My faith is invested in the One who is Love (1John 4:8), the God of Jesus Christ who, while here in the flesh, taught, healed, served, and fed those in need and instructed his believers to, above all else, love God and to love others as themselves (Matthew 22:37-40). He did not come to judge and persecute. He didn’t come to mistreat those who didn’t understand or agree with Him. He came to love, serve, and save and He instructed His followers to do the same.

I am not the most articulate person when it comes to defending my faith by quoting scripture off the top of my head (I had to look up everything mentioned here for the proper scriptural references). I don’t think I posess the quick wit of a person who is apt to win a debate with somebody else they’re sitting across the table from, either. But, I realize and find comfort in the fact that I don’t have to be. My trust isn’t in my finite self, but, instead, is invested in He who is infinite.

“Father, although my finite mind cannot understand all the wonders of the Gospel, I thank You for the assurance of my salvation through Christ.”
-Billy Graham

“Whatever you think is love, whatever you think is peace, whatever you think is good, whatever you think is right, whatever you think He is, He is infinite.”
-Kevin Max

Other posts I’ve written related to the topic of God’s perspective vs. our own:

Randy Alcorn, Kevin Max, and Infinite Providence

In Our Lives: The Glorious Unfolding

Fear In The Face Of The Unknown

The View From The Valley

Here In This Moment, The Sun May Not Be Shining

A couple of great songs that celebrate God’s providence:

“Infinite” by Kevin Max – His new album, BROKEN TEMPLES, celebrates the fact that when we are broken, we are freed to find our peace in Him – the album is due 3/10 and available for pre-order through Pledge Music at http://www.pledgemusic.com/projects/kevinmax

“The Glorious Unfolding” by Steven Curtis Chapman – One of my favorite albums, now, specifically because so many of the lyrics on the album, including the title track, focus on this concept of faith in our God who can see so much more than we can.

The View From The Valley

Today I read the account of Jesus raising Lazarus from the dead in the eleventh chapter of the gospel of John and gained a greater appreciation for the manner in which our schedule (as human beings with limited perspective) often fails to line up with God’s. Concerned and worried, Mary and Martha, friends of Jesus, sent word that their brother Lazarus was sick. But, when Jesus received the message, He responded in a manner that gave no sense of alarm or panic. Instead, He seemed to have a sense of peace with the situation, despite the fact that Lazarus and his sisters were close friends of his, saying instead, “This sickness will not end in death. No, it is for God’s glory so that God’s Son may be glorified through it. (John 11:4). As verses five and six state, “Jesus loved Martha and her sister and Lazarus. Yet when He heard that Lazarus was sick, he stayed where he was two more days.”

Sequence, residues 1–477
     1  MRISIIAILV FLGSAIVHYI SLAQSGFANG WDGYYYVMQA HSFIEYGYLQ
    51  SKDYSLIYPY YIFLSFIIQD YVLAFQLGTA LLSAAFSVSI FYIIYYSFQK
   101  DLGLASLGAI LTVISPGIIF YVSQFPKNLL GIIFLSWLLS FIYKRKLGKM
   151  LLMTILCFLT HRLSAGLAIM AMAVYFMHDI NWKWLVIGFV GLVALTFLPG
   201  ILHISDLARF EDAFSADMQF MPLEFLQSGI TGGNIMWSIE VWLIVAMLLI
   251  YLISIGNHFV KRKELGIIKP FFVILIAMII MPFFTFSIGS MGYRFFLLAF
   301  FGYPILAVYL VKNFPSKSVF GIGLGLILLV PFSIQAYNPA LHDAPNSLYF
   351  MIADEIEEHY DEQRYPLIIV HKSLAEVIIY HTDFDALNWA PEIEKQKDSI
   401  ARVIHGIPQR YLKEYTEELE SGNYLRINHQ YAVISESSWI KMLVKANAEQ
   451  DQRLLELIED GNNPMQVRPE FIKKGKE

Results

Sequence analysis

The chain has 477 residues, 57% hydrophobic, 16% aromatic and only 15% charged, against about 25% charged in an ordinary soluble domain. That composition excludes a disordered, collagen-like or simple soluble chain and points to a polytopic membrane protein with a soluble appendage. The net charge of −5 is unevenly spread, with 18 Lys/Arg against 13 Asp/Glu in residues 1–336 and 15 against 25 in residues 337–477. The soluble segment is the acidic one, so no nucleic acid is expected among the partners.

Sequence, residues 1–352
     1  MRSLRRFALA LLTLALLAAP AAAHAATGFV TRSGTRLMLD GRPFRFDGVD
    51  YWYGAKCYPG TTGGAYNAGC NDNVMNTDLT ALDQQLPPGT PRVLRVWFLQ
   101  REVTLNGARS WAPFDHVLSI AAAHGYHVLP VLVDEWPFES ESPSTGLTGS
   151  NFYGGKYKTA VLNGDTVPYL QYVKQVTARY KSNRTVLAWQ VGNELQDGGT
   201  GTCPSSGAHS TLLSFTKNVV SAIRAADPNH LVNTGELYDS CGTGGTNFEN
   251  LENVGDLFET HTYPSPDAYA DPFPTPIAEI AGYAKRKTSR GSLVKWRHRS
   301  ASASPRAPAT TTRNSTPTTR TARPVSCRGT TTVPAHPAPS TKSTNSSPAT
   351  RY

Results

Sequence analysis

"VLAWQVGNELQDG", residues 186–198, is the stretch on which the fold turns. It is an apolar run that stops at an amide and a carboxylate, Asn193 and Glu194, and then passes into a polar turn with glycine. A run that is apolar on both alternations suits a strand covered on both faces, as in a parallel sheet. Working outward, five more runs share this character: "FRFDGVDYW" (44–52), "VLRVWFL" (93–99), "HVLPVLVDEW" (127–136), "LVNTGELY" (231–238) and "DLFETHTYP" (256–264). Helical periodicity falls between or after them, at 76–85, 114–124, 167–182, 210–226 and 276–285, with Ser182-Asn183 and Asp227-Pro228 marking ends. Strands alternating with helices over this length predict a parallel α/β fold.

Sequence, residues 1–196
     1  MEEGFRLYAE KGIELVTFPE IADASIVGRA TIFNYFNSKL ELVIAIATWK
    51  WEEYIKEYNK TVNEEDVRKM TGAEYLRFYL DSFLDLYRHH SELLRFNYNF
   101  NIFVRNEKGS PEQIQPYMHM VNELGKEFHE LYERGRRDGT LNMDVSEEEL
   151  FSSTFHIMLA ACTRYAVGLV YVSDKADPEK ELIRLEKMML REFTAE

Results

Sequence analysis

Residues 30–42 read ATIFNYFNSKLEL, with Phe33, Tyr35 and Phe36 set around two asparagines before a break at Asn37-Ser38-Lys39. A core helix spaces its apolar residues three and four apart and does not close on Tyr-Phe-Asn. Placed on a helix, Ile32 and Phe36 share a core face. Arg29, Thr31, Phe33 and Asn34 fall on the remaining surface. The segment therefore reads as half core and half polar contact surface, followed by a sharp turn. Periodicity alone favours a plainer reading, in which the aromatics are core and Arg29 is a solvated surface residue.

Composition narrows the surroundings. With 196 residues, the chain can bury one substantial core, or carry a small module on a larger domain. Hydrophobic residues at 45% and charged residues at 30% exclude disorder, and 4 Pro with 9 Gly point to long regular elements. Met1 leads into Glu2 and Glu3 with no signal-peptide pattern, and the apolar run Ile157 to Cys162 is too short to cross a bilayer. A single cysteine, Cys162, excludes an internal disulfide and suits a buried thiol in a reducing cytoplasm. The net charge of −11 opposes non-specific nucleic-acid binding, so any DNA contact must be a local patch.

So, not only was He not alarmed or panicking, but, he didn’t even leave for Bethany until two days after he heard that Lazarus was sick. Having heard that He was finally coming, Martha went and met Jesus, who was still on his way, and declared, “Lord if you had been here, my brother would not have died.” But, upon arriving in Bethany, Jesus, sure as He was in what was yet to happen, was emotionally shaken by the mourning and grief evident in the friends and family of Lazarus. As John states in verse thirty-three, “When Jesus saw her weeping, and the Jews who had come with her also weeping, He was deeply moved in His spirit and greatly troubled,” and it was then that Jesus asked them to take him to where Lazarus was buried and proceeded to raise him back to life.